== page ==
NEW YORK (TheStreet) -- A federal court ruling overturning the county of Kauai's ordinance on the use of pesticides and genetically modified crops is likely to be only the first shot in Hawaii's ongoing struggle to curb the practice.
Seeking to address the concerns of organic farmers and citizens, Kauai Ordinance 960 required more disclosure from farmers and biotech companies like Syngenta (SYT) and Dow Chemical (DOW) about pesticides and genetically modified crops.
On Monday, in a case brought against the county by bioscience firms including Syngenta, U.S. District Court Judge Barry M. Kurren ruled that the ordinance preempts existing state law. In doing so, Kurren seems to have acknowledged that the supporters of the legislation may have a case.
"This decision in no way diminishes the health and environmental concerns of the people of Kauai," Kurren wrote. "The Court's ruling simply recognizes that the State of Hawaii has established a comprehensive framework for addressing the application of restricted use pesticides and the planting of GMO crops, which presently precludes local regulation by the County."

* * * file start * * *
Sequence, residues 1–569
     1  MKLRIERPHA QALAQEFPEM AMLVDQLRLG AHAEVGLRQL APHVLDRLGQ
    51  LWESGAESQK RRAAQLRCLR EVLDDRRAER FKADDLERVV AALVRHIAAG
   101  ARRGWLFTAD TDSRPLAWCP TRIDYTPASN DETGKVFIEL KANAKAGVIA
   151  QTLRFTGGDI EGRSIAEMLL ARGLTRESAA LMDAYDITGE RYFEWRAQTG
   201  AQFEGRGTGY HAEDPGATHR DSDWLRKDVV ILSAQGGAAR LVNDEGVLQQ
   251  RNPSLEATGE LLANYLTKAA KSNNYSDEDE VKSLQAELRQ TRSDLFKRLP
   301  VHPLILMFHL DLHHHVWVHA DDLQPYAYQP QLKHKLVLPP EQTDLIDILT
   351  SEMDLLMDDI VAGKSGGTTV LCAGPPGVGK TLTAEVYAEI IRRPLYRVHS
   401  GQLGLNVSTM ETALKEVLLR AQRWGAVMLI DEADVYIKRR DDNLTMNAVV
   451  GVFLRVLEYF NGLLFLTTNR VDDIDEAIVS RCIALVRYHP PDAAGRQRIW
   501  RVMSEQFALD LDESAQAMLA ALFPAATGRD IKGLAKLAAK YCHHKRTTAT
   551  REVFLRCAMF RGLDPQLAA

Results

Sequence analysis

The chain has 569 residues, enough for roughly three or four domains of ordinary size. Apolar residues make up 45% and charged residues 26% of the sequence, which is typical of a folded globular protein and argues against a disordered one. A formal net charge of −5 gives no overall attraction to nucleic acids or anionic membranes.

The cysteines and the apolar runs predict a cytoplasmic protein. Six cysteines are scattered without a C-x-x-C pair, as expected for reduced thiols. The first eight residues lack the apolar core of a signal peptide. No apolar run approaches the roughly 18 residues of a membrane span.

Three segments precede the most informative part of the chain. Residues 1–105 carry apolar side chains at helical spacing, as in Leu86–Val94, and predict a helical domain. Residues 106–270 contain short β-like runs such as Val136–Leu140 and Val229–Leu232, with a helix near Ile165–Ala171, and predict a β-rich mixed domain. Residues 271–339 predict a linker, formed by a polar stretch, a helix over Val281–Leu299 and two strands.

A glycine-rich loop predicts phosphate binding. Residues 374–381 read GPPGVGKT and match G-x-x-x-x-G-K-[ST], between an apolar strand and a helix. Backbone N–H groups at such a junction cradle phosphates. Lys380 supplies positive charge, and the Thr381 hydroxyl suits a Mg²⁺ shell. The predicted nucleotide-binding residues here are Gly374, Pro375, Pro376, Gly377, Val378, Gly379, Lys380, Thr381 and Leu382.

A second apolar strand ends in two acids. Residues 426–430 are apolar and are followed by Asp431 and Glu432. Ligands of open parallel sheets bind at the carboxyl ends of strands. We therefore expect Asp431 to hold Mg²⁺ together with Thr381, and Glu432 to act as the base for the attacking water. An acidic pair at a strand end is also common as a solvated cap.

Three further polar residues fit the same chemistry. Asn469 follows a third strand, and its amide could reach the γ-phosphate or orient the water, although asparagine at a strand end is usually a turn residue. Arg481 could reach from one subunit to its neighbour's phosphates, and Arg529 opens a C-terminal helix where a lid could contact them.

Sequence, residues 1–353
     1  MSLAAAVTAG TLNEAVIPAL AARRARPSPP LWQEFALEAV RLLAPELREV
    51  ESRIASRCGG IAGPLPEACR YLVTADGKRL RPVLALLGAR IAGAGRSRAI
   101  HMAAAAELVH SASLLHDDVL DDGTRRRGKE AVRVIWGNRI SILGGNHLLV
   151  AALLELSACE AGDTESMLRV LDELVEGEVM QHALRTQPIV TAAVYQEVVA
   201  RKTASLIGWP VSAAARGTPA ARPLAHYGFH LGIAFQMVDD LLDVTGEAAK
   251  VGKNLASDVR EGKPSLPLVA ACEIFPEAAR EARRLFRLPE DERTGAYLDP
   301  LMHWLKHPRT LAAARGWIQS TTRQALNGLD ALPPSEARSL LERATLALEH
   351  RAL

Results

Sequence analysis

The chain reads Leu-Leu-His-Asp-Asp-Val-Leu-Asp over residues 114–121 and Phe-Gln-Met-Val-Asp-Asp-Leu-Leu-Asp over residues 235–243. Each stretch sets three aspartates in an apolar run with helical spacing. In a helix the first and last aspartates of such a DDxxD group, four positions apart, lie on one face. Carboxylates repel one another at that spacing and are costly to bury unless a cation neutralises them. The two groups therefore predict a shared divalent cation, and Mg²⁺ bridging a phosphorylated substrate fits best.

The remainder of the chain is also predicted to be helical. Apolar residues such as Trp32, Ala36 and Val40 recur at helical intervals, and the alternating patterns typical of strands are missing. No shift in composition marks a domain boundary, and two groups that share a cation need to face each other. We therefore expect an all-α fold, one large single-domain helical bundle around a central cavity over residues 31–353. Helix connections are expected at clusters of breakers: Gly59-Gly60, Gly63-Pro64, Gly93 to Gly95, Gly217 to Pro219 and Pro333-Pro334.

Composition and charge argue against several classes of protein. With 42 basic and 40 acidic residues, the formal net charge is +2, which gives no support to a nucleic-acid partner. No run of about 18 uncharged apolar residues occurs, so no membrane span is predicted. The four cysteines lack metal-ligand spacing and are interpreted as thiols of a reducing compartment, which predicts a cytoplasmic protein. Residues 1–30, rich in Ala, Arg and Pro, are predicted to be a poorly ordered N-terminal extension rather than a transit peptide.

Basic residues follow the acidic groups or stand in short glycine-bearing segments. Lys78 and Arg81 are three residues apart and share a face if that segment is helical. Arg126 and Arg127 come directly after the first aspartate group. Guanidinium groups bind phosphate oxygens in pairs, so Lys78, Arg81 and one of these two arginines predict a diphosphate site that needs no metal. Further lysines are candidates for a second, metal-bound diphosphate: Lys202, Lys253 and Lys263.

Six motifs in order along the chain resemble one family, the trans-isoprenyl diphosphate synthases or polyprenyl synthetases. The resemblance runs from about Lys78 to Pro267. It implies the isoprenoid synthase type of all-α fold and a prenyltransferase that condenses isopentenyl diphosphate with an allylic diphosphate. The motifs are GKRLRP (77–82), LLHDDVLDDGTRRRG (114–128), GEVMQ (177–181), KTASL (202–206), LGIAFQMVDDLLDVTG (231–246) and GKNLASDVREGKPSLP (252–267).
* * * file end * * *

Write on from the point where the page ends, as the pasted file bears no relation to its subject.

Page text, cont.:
Contacted for comment on the ruling, Syngenta offered an emailed statement.
Syngenta, BASF, Agrigenetics, Inc. (a company affiliated with Dow AgroSciences LLC), and DuPont Pioneer are pleased with the U.S. District Court for the District of Hawaii's ruling today (August 25) invalidating Ordinance 960 and enjoining the County from implementing or enforcing the law. As we have maintained from the outset, the state and federal government already have comprehensive regulation of pesticides and GMOs and the County of Kauai has no power to regulate in these areas.